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What Are You Drinking? Investigating Tap Water Contaminants

Do you grab your drinking water from the tap, whether out of convenience or because there’s no other option? Many of us do it, but that glass of tap water isn’t just H2O; it’s full of various contaminants, many of which can cause health problems when we’re continually exposed to them.

For many things with trace contaminants, it often isn’t a concern. However, for tap water, which we consume in sizeable amounts each day for years and years, these contaminants and their health effects can build up, causing unforeseen consequences that we’re only starting to link to our tap water.

We’ve compiled research on what may be lurking in tap water, specifically focusing on four concerning contaminants and why we shouldn’t be drinking them every day.

Tap Water Isn’t Just Water

A study by the US Geological Survey found that almost half of the tap water within the United States is contaminated with “forever chemicals.” This number may even be higher because the researchers couldn’t test for all per- and polyfluorinated alkyl substances (PFAS)—there are over 12,000 types of PFAS, but the study only looked at 32 compounds.

Just what contaminants may be in your tap water? Here are a few:

  • Arsenic
  • Pesticides
  • PFOA
  • Radioactive contaminants
  • Chloramine
  • Chlorine
  • Copper
  • Microplastics
  • Lead
  • Fluoride
  • Trace pharmaceutical drugs
  • Calcium
  • Aluminum
  • Hormones
  • Herbicides

Some of these might be a major red flag, such as arsenic (a notable poison) and pesticides/herbicides, which are used to kill pests and plants (so we definitely should not be drinking them).

However, even if you’ve never heard of some of these compounds, they’re still dangerous to consume. Many of these contaminants are hormone disruptors, and with your hormones responsible for regulating body processes such as metabolism, reproduction, growth, and mood, their daily and ongoing disruption can cause significant health concerns.

Diving Deeper into Tap Water Contaminants

While all of the contaminants that can be found in tap water are concerning, there are a few particular ones that we’d like to dive into deeper, as these contaminants can cause significant health concerns if you’re consistently consuming them, say, every time you take a drink of water.


Briefly touched upon earlier, PFAS refers to a family of synthetic chemicals dangerous to human health. They linger not only in the environment but also in the human body—if they find their way in—like an unpleasant house guest staying long after they’re supposed to.

PFAS chemicals are hazardous, and their consumption has been linked to many health concerns, including:

  • Cancer
  • Thyroid disease
  • Obesity
  • High cholesterol
  • Liver damage
  • Decreased fertility
  • Hormone suppression

Our understanding of PFAS and their impact on the body continually evolves. In June 2022, updated research caused the US Environmental Protection Agency (EPA) to release a statement that PFAS are much more hazardous than previously believed, even when the amounts are thousands of times lower than what researchers used to deem a safe threshold.

In short, even a small amount of PFAS shows significant health concerns, and they’re found in the tap water that many of us drink every day.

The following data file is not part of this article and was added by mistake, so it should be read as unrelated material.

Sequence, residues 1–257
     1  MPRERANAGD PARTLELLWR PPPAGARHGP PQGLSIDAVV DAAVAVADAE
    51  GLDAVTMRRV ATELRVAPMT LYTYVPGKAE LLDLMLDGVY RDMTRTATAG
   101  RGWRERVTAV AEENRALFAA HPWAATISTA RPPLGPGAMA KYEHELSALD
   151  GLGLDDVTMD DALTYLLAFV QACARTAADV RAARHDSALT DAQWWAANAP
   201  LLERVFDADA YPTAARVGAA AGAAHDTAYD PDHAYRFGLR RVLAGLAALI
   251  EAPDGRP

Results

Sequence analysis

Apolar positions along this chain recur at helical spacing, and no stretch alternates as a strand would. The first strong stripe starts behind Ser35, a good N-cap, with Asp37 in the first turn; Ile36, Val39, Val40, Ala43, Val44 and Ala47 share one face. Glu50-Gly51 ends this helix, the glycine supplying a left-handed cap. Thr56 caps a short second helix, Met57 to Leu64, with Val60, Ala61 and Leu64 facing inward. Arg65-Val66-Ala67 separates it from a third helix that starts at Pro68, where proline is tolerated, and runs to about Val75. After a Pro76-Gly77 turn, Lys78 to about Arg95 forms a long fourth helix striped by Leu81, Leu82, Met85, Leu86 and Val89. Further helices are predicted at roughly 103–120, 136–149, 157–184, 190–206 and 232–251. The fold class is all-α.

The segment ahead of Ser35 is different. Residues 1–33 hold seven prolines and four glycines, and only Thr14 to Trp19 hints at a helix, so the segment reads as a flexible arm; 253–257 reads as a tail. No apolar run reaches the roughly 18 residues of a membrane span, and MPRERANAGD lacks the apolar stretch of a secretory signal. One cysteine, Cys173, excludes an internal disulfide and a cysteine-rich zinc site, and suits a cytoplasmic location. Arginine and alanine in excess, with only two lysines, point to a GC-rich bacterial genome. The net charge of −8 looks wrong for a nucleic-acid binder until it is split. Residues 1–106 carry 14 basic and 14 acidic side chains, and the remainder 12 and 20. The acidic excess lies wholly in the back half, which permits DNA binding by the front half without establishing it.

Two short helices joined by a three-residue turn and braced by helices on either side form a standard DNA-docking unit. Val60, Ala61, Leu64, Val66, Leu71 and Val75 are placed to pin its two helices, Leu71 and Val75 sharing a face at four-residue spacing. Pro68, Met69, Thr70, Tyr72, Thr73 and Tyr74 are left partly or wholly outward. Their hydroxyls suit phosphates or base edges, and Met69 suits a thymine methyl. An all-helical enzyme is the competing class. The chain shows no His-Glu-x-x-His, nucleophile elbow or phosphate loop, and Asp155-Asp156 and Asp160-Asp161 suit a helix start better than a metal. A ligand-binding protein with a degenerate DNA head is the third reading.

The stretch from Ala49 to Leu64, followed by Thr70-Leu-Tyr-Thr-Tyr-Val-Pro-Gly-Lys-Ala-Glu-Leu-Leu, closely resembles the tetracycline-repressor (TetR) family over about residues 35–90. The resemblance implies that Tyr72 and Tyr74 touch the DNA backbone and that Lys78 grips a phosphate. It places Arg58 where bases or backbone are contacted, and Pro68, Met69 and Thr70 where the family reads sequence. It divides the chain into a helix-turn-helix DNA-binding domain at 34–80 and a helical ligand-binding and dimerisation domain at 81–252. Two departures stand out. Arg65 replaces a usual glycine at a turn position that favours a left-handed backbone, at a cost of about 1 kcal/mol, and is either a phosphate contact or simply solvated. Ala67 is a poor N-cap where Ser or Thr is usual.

As for who is most at risk of PFAS contamination, a study by the US Geological Survey found that PFAS contamination is concentrated around urban areas and near locations that generate PFAS, such as manufacturers that use the chemicals in their products.

In good news, the EPA has, for the first time, proposed national drinking water standards for six PFAS chemicals, which set the allowable levels of these hazardous chemicals low enough that they cannot be easily detected. These standards will force water systems to install treatment methods to lower PFAS levels in drinking water.

However, these standards apply to only six PFAS chemicals, and there are thousands of types.


Microplastics are tiny plastic fragments, smaller than you can see with just your eyes, that come from plastic bags, bottles, etc., as they decompose and break down. Microplastics abound in our waterways, not only infiltrating the water itself but also the animals that call the water their home.

As you can presume, plastic should not be consumed, even if it’s microplastic that you cannot see. First, there’s the hazard of consuming plastic itself, which can cause infertility issues and stomach upset.

Furthermore, there are additives in plastics that can be dangerous. For example, when creating plastic, companies use the chemical bisphenol A (BPA), but BPA is an endocrine disruptor and can affect hormone levels, specifically by acting as a form of estrogen. BPA is not meant to be consumed, but this can happen when drinking tap water contaminated with microplastics.

Trace Pharmaceuticals

Researchers have found a number of pharmaceutical drugs in drinking water, including antidepressants, anti-convulsants, and antibiotics. Over-the-counter drugs, such as ibuprofen and acetaminophen, have been found in drinking water as well.

Steroid drugs, in particular, contain endocrine disruptors, which have been shown to mess with hormone levels in aquatic creatures, decreasing their fertility. If we consume these same drugs every day, we may be at risk of these same consequences.

As for how these drugs end up in the water, when we take medication, the body absorbs some of it, but the rest ends up in the toilet when we go to the bathroom, where it is flushed into the water system. Most treatments do not remove all drug residue, meaning some of the leftovers can make their way back to the tap water.